Yesterday, the Justice Department announced a $5 billion settlement with Goldman Sachs for its role in the financial crisis. On the one hand, it couldn’t have happened to a nicer group of guys. On the other hand, it’s an opportunity to consider if anyone could have fled a smoldering crater and gotten off lighter than Lloyd Blankfein and Company.
And the answer is… of course they could! A literal smoking crater in the form of the war against Libya will do. Of course, it wasn’t really a war that caused that crater; at the time, our commander-in-chief was at pains to make clear it wasn’t a war, so as to show that he didn’t require congressional approval. It was, in a phrase that would become a Washington joke, a “kinetic military action.” Sure, we were dropping munitions out of military aircraft in the confines of a treaty agreement on to human beings engaged in political exertions who were killed by those bombs, but hey… whoa, “war”? What are you trying to suggest here, buddy?
It’s worth looking back at the track record of Washington’s war mongers, and the smoldering wreckage they have created. It’s a project I tried to inspire with my piece celebrating [Anne-Marie] Slaughter Day.
The problem with this sort of writing is a) it takes time and research, and b) it is impolite. Pointing out idiotic things one’s peers have written and shining a bright light on their results is not the way to win friends and influence in Washington. It is a worthwhile calling for the analysts among us who care about right and wrong, but it is terrible for getting ahead in Washington, a town where truth is beside the point.
And at least Slaughter and Kristof and Beinart simply stopped writing about their Libya experiment once it destroyed Libya and created ISIS. Upping the chutzpah quotient is Shadi Hamid, who got a twofer: urge the United States into a war, then rewrite your own rationale after the fact and write a counterintuitive Think Piece explaining why the critics were wrong and the war was a success. Ben Friedman says what needs to be said to Hamid at the National Interest. But don’t hold your breath for a response. If anything, Hamid might get a book deal out of the thing.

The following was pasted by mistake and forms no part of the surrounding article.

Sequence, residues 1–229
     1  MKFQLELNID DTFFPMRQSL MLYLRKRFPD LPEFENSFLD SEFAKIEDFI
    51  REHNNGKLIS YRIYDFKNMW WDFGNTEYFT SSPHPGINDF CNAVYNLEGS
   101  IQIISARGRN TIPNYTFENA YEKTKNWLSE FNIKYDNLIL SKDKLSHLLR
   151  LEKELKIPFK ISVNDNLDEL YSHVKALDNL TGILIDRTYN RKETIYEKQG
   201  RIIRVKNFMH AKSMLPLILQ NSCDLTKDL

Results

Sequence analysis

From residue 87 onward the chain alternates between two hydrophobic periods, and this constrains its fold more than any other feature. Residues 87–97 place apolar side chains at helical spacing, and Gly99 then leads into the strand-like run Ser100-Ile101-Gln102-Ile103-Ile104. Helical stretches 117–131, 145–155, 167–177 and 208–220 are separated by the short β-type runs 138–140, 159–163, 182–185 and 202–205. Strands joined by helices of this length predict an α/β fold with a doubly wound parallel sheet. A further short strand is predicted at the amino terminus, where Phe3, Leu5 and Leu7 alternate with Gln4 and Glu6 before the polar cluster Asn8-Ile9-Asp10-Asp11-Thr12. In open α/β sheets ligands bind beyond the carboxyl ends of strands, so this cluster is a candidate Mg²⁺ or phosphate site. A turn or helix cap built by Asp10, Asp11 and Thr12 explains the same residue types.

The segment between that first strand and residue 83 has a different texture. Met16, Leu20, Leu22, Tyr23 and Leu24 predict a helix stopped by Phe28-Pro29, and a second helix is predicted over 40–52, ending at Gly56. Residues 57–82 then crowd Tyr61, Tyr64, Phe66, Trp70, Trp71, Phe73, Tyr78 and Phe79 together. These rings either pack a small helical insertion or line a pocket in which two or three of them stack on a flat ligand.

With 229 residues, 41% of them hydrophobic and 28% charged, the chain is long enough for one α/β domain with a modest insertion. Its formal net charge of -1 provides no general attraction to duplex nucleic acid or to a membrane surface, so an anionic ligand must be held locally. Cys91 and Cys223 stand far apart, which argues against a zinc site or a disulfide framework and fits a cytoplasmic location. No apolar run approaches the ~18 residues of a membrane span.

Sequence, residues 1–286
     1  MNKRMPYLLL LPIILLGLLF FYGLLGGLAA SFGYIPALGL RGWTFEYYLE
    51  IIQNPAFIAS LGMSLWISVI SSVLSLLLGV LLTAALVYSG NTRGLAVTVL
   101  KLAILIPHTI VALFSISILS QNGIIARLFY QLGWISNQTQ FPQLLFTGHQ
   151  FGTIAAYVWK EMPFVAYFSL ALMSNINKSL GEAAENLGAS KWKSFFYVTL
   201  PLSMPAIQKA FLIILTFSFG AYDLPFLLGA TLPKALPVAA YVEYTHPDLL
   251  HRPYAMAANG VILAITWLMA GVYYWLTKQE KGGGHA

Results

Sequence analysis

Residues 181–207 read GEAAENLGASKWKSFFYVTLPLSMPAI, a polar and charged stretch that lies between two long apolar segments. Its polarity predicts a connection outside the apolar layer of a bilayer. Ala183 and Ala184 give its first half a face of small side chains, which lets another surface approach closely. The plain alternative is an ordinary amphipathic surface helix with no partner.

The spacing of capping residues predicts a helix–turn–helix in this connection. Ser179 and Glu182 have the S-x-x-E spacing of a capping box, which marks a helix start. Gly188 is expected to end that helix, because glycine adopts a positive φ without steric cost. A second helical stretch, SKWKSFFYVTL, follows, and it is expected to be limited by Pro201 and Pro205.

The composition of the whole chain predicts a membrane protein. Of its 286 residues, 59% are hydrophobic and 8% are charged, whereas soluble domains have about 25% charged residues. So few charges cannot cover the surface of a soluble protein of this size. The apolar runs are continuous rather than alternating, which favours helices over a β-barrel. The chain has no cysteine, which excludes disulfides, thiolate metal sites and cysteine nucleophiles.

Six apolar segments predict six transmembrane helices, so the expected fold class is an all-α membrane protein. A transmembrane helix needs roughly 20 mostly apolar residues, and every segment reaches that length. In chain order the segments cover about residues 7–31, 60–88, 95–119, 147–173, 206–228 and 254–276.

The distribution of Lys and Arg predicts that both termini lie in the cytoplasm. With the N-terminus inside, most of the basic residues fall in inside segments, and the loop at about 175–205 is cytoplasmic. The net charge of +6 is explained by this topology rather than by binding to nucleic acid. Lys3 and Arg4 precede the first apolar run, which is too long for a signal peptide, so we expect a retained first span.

Ask yourself: If you were paid for nothing more than predictions regarding your area of expertise, how long would you continue to be paid if you were monumentally wrong on the matters you chose to discuss and declined to subject yourself to criticism on the matter? Or what if you played tendentious games with history, like Hamid?
Fry cooks at McDonald’s face stronger standards of accountability than do our modern-era Kennans. For our foreign policy mandarins, there’s no need to respond to the lowly scribes who point out their fatal errors.
It’s awful that Blankfein and his henchmen got off as clean as they did. But at least they have natural predators. When it comes to the Washington foreign policy community, no one even pretends to care. If we start a war and destroy a country, that’s all just Over There. No prosecutor with any sense is going to chase down that offense.
So as things unfold over the next week or two with Goldman, consider: Yes, they have given up $5 billion. It will fix nothing. But perhaps we should aspire to a state in which the architects of our war-crazed foreign policy faced at least the superficial amount of public scrutiny that our financial gurus have faced. Sad to say, it would be better than the level of accountability they face at present.
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